My fascination with videos started when I was eight years old. At the time, the only video camera I had access to was my sister’s LeapPad, which she had received the prior Christmas. With absolutely no idea what we were doing, we would prop the cheap, plastic tablet up against whatever furniture we could find and just make absolute fools of ourselves on camera. And to me, it was the coolest thing I had ever done.
The feeling of amazement I felt seeing myself on that screen was unmatched. Pure joy. And so, I turned my eyes to the sky. Putting the brakes on buying the LEGOs or Wii games that my allowance money had always gone into, I dutifully saved my $7 every week . After a month or two (and a conveniently timed birthday) I had saved up enough money to purchase a new iPod Touch, featuring my very own video camera. From there, it was game on.
Like a dog with a shiny, rectangular bone, I was hooked. Joe Burke, nine-year-old filmmaker extraordinaire. Many an afternoon, you could find me charging around my backyard in pursuit of a remote-control car with a bright yellow iPod bungee-corded to the top. No tree, kite, or bicycle could stand in the way of my creative spirit and a questionable regard for my own safety. As a result one particularly ambitious attempt to get first-person footage, there exists a picture of me with a pound of duct tape securing that small metal device to my face. Yes, my face.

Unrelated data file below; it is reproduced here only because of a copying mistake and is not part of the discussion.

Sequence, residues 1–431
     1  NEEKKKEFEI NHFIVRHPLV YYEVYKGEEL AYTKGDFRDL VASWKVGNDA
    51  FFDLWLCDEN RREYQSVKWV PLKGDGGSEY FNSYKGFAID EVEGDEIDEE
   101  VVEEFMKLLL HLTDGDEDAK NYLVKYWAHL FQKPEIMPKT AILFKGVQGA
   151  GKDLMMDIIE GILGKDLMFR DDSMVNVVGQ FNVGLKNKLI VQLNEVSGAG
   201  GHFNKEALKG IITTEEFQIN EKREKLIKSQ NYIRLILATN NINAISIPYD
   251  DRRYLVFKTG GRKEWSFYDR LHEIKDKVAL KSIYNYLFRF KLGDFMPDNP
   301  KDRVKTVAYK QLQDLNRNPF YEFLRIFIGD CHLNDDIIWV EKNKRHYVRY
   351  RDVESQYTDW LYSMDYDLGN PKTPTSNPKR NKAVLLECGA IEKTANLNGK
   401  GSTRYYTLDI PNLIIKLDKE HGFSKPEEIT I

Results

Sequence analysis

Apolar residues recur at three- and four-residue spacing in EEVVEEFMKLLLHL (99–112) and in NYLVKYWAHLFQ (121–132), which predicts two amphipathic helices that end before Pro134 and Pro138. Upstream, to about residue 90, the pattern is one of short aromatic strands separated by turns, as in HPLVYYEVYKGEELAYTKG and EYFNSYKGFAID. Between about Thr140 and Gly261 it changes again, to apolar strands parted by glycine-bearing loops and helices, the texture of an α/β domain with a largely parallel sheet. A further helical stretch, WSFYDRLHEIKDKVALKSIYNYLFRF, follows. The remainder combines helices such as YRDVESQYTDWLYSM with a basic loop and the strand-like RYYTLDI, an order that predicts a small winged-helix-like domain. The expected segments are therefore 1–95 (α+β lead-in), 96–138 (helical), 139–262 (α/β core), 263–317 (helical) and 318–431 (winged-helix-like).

With the help of a few of my neighborhood pals, we created such masterpieces as Yard Wars and The Cookie Infiltrators (and several corresponding sequels). And yet, as amazing as it was to me, I will not pretend I knew exactly how far it would take me. Until I read four life-changing words in the form of a Facebook post.
“Turn Around, Don’t Drown.” It was promoting a local contest for a 30-second PSA about the dangers of driving through flooded streets. The prize? $1,000 dollars and to have the ad shown on Pennsylvania televisions for a month. Translation? Riches and fame beyond my wildest, mostly broke, 14-year-old dreams. With that prize money I knew I could buy my own laptop, an upgrade akin to buying that little iPod all those years ago.
So I got out my cobbled-together array of film supplies and went down to a nearby river to film my PSA. After a day of getting every minute detail in order, I sent the resulting video to the contest email and prepared for a long haul of sleepless excitement.
A month later,I walked into my house after a long day of school and was greeted by my mom, grinning ear to ear. “You won,” she said, clearly dying to say it. For a moment, I had no idea what she was talking about. Then it clicked. I’d done it. My ambitions of making videos for years to come took shape before my eyes as I sprinted to hug her. I was ecstatic. To have the satisfaction of my hard work pay off in such a massive way was what made me know that this is what I wanted to do. This was my passion.
To this day, I’m still making my videos on the laptop that I purchased with my winnings. I’ve done work with a local business called Fitness By August to promote their brand, filming several of their class sessions and doing a one-on-one interview with August herself. And I made a respectable amount of money in the process. I’ve gotten to meet all kinds of amazing people that work in the industry I hope to enter one day. I intend to take this passion into college and maybe even make it a career. But for now, what I know for sure is that I have found my passion, and that to me is worth more than anything else.